“Love is the only force capable of transforming an enemy into a friend.” – Martin Luther King Jr. [Tweet this.]
How do you respond to people you don’t like?
Maybe they work on your floor, within your team or you report into them? Maybe it is someone from your church, your neighborhood, or (gulp) your family. Maybe it’s the way they talk down to you, talk up about themselves or ignore you entirely.
Let me share an awesome example that will benefit you, over the holidays and into the next year.
Matt Miller is a great friend, former St. Louis Elementary School Principal of the Year and speaker at my LAUNCH events. Several years ago on his first day at a new school, a staff member came into the meeting fuming. She told the group that ‘the thugs’ were back on the playground, referencing the group of boys that often skateboarded and hung out on the school property during the summer. They had been accused of not only loitering, but destroying benches, spray painting property and causing problems.
After hearing all that these kids had done to his new school, Matt said he’d take care of them.
He walked outside, past the boys and to his car. He was ready to implement a little creative conflict resolution. Matt drove to the nearest convenience store, bought a couple of boxes of popsicles and came back to the school. He parked his car, and approached the boys.
“Anyone want a popsicle?”
The group of kids flocked to Matt, took the treats and sat down under a shaded picnic table with him. Matt shared that he was new to the school and didn’t know anyone. He went on, “I’m looking to make some new friends who could help take care of this school. We’ve had some problems lately and we need some good kids to watch over things. Can you guys help me with this?”
Looking at one another, with popsicles in hands, the kids agreed they would take great care of the school this summer.
Matt thanked them, told them he had to get back into meetings and that he was grateful they’d be out here having fun and watching over things while he was inside working.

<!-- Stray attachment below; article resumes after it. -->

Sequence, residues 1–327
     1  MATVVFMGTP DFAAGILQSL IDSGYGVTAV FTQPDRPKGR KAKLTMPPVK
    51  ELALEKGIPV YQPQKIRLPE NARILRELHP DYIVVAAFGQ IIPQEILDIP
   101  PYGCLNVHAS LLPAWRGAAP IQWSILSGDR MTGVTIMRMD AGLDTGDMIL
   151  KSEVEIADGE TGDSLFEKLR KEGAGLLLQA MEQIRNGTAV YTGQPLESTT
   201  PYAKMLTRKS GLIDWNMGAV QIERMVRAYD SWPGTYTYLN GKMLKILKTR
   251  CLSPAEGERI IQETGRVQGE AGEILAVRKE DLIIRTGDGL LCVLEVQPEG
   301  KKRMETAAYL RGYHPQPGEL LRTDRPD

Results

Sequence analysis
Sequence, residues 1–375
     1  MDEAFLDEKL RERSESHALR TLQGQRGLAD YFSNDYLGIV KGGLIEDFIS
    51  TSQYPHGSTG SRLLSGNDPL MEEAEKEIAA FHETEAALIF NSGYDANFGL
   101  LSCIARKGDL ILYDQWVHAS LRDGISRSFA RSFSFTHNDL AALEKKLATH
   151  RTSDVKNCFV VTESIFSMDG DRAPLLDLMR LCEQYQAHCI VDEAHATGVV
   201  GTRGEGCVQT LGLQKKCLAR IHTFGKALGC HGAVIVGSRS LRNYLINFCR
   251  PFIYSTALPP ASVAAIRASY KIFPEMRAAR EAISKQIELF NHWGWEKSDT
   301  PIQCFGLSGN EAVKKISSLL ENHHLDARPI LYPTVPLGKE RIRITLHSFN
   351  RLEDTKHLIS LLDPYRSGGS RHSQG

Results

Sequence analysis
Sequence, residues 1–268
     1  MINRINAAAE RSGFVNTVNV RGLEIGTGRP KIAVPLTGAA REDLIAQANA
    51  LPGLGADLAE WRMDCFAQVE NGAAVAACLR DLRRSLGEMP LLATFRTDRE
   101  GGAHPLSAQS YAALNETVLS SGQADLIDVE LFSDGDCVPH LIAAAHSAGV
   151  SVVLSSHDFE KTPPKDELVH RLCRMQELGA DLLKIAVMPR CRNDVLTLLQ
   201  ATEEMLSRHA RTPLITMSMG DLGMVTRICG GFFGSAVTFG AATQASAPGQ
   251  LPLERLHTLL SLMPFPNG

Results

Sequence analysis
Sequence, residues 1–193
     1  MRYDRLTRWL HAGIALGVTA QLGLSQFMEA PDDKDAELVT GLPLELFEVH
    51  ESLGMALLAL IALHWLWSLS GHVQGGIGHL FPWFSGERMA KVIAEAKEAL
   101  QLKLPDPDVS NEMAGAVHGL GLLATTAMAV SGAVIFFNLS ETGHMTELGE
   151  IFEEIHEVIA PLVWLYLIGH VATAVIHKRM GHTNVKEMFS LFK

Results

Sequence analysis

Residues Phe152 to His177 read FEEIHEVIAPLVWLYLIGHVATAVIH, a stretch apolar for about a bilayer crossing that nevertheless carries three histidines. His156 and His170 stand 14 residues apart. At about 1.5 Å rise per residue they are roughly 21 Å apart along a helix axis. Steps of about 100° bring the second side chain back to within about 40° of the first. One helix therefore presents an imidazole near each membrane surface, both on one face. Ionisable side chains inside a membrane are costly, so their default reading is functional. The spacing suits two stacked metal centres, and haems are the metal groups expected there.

Whether these were the troublemakers or not, they became the school guardians. During the final two months of summer there was not a single problem.
So how should you respond to those who make you angry, that put you down, that cause a problem? [Tweet this.] How do you react to ‘the thugs’ in your life?
My friends, Matt could have grabbed a megaphone, opened up the door, and yelled, “Get the heck off of my property!” Matt would have been within his rights to call the cops to chase those kids away. Instead, Matt realized that love is the only force capable of transforming an enemy into a friend.
This isn’t a Pollyanna response to challenging events and people in life. This isn’t about repeatedly allowing someone to walk all over you. It is, though, an invitation to see that how we choose to live, lead, and respond dramatically influences not only our lives, but those with whom we interact.
When we react to others with anger, venom, destructive words, and fists clenched we elevate that exact same response in others. [Tweet this.] What we sought to destroy is actually multiplied in them and in us. But when we respond with love, with compassion, with affirming words, and with hearts wide open we attract that response in others, too.
There is a mighty battle being fought today between good and evil, right and wrong, love and fear. The good news that you need to hear and get to live is that love wins.
So come to the fight. Bring a box of popsicles. And know the best is yet to come. [Tweet this.]